Finally, we know that many individuals simply enjoy reflecting on the many questions McNulty weaves into the discussion guides that make up each issue of the Journal.

Want to get started right now? Here’s a link to the web page that introduces Visual Parables Journal, which includes all the information you’ll need to subscribe.

Want to see more samples? Here’s the Visual Parables Journal page that features recent issues, so you can get an idea of the films Edward McNulty features.

‘Happy Hanukkah!’ Rediscovering the meaning behind today’s holiday industry.


A Time to Ponder Some Powerful Themes


Author and Contributing Columnist

Let’s start with the truth that Jews find themselves explaining to Christians each year: No, Hanukkah is not the Jewish Christmas. These are completely different festivals. The main challenge Jewish families share with their Christian neighbors at this time of year is trying to rediscover the meaning beneath the vast weight of the holiday industry.

Jewish families know that our most important holiday season is in the autumn: the High Holy Days of Rosh HaShanah and Yom Kippur with the week-long Sukkot harvest festival coming five days later. For those whose lives are shaped by Jewish practice, this winter celebration is recognized as subordinate to the biblically based holy days. Hanukkah is a distinctly minor holiday, elevated in importance only because it usually falls in December. Occasionally, such as this year, it begins earlier: November 28 will mark the lighting of the first candle.

Only because of its timing has this little festival been folded into the American “holiday season” of lights, decorations, presents and parties. Today, North American Hanukkah has become part of the holiday industry: elaborate decorations, themed wrapping paper and paper goods, personalized greeting cards, recipe books and sometimes even a so-called Hanukkah bush embellished with blue and white/silver ornaments.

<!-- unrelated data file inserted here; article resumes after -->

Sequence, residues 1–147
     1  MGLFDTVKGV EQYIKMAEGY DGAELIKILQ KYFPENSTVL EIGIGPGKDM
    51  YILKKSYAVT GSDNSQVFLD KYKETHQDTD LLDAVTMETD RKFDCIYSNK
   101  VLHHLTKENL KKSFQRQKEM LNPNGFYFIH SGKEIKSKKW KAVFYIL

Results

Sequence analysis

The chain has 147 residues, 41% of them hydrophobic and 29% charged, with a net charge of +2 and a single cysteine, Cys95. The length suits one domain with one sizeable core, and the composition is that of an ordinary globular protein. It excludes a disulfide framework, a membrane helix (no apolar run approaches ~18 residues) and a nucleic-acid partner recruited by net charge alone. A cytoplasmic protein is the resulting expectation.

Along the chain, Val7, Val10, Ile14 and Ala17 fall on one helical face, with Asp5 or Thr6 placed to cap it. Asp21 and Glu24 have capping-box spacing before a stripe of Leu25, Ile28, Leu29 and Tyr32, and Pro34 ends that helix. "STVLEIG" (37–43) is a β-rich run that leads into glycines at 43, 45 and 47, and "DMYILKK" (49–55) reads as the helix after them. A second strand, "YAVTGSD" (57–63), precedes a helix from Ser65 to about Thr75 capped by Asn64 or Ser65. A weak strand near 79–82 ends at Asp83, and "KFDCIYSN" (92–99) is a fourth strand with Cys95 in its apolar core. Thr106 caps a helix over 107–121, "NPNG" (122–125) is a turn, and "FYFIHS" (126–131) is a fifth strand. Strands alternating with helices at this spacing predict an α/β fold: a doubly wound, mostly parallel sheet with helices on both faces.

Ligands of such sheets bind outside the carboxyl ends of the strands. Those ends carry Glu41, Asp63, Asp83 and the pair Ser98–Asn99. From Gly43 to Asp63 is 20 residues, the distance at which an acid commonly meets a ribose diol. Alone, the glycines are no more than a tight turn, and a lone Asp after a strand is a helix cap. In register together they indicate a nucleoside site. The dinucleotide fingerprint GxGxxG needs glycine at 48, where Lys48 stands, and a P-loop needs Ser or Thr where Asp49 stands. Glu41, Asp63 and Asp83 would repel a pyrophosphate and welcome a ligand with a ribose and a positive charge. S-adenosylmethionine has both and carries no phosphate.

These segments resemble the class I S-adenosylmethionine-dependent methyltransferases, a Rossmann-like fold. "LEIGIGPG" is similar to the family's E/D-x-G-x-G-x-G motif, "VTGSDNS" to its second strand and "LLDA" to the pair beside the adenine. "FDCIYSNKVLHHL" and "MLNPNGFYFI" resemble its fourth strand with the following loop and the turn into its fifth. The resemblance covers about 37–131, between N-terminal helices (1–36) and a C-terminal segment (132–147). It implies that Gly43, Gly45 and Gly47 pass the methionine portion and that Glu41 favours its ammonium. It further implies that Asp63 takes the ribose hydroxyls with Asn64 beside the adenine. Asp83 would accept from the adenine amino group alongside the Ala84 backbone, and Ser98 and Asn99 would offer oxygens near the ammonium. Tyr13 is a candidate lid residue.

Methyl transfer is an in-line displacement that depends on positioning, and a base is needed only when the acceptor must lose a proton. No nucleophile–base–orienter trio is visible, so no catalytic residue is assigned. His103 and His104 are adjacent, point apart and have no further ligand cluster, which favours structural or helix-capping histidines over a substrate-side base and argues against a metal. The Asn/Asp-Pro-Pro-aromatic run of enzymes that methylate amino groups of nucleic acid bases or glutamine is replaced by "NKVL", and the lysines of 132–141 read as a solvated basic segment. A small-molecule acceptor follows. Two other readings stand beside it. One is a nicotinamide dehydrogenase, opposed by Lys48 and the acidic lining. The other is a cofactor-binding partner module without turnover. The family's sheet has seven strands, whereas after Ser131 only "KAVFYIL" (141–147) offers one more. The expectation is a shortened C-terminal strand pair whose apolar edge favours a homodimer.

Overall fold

But Hanukkah’s origins and meaning are far different than what Christians celebrate in December.

When I was growing up in the 1950s and 60s, most Jewish families recognized that Hanukkah meant lighting the multi-branched candelabrum, singing a few Hanukkah songs, eating potato latkes (pancakes), playing with a dreidel (a 4-sided spinning top) and giving small gifts to children, usually one gift per night.

It was a modest celebration, cozy and intimate.

But in the same way that thoughtful Christians reject the exploitation of Christmas as a commercial enterprise, so do thoughtful Jews reject the false equivalency of Hanukkah as a blue-and-white-silver version of red-green-and-white Christmas.

Hanukkah celebrates the rededication of the national Temple in Jerusalem after it had been defiled by the ruler Antiochus Epiphanes in 168BCE. A coalition led by the Maccabee family pledged to fight against the Greeks and against fellow Jews who encouraged—or coerced—rejection of Judaism in favor of Hellenistic ideas and ideals. Although vastly outnumbered and materially disadvantaged, the Maccabees and their followers prevailed. They captured the Temple, which had fallen into Greek hands and was rendered unfit for Jewish practice.